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Torah Sparks

March 16, 2002 - 5762

Prepared by Rabbi David L. Blumenfeld, PhD
Department of Services to Affiliated Congregations

Annual Cycle: Leviticus 1:1-5:26; Hertz, p. 410; Etz Hayim, p. 585
Triennial Cycle I: Leviticus 1:1-2:16; Hertz, p. 410; Etz Hayim, p. 585
Haftarah: Isaiah 43:21-44:23; Hertz, p. 424; Etz Hayim, p. 606

This Shabbat’s Torah Portion Summary

(1:1-17) The laws regarding the olah, or burnt offering. The entire animal, except for the hide, was burned to ashes on the altar. The olah described here is brought by an individual as a voluntary offering to atone for neglect of positive commandments.

(2:1-16) The laws regarding the minhah, or meal offering. There were two types: communal meal-offerings brought on Passover, Shavuot, and Shabbat, and individual meal-offerings usually brought by people too poor to afford an animal or a fowl.

(3:1-17) The laws concerning the zevah sh'lamim, the peace-offering or "offering of well-being." Unlike the olah, which was completely consumed on the altar, the zevah sh'lamim was a sacred meal, shared by donors and kohanim.

(4:1-26) The laws regarding the hattat, or sin-offering. A hattat was given for sins one committed accidentally or unknowingly. (4:27-35) Similar sin-offerings, but for the individual.

(5:1-26) The asham, guilt-offering. This was given when one was uncertain whether one had offended, or in a case where someone had wronged another, denied his guilt, then later his conscience bothered him and he wanted to confess and make amends.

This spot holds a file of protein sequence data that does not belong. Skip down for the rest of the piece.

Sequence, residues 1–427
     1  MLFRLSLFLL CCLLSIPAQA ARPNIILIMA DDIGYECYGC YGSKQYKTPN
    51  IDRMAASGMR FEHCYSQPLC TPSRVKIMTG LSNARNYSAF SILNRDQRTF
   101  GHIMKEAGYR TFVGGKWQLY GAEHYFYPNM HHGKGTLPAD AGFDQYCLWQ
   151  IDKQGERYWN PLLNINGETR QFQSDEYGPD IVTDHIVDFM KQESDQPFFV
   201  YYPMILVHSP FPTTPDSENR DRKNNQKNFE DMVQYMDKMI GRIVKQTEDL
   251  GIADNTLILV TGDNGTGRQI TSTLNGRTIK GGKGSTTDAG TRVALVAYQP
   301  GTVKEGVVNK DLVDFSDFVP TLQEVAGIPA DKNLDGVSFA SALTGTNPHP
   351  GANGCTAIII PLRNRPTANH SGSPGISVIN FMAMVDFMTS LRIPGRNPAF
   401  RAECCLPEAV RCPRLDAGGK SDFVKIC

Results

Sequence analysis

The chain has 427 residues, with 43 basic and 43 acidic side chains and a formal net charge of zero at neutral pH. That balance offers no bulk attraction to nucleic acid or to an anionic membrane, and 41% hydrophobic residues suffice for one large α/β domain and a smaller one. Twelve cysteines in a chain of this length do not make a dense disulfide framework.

This Shabbat's Theme: "Restoring Temple Sacrifices?"

"When any of you presents an offering of cattle to the Lord, he shall choose his offering from the herd or from the flock.... He shall lay his hand upon the head of the burnt offering....and the bull shall be slaughtered before the Lord, and Aaron's sons, the priests (kohanim) shall offer the blood, dashing the blood against all sides of the altar..the burnt offering shall be flayed and cut up into sections... Its entrails and legs shall be washed with water, and the priest shall turn the whole into smoke on the altar as a burnt offering, an offering by fire of pleasing odor to the Lord" (Lev. 1:2-9)

  1. Prayer is greater than all sacrifices. (Tanchuma, Vayera 31b)
  2. And Samuel said, "Has the Lord as great delight in burnt-offerings and sacrifice as in hearkening to the voice of the Lord? Behold to obey is better than sacrifice, to hearken better than the fat of rams." (1 Sam. 15:22) [The same theme is found in Hosea 6:6; Amos 5:21; Isaiah 1:11; Jeremiah 6:20]
  3. In the law of sacrifices, it says, "If a man has a bullock, let him offer a bullock; if not, let him give a ram, or a lamb, or a pigeon; and if he cannot afford even pigeon, let him bring flour. And if he has not even an flour, let him bring nothing at all, but come with words of prayer. (Tanhuma, Buber, Tzav, 8, 9a)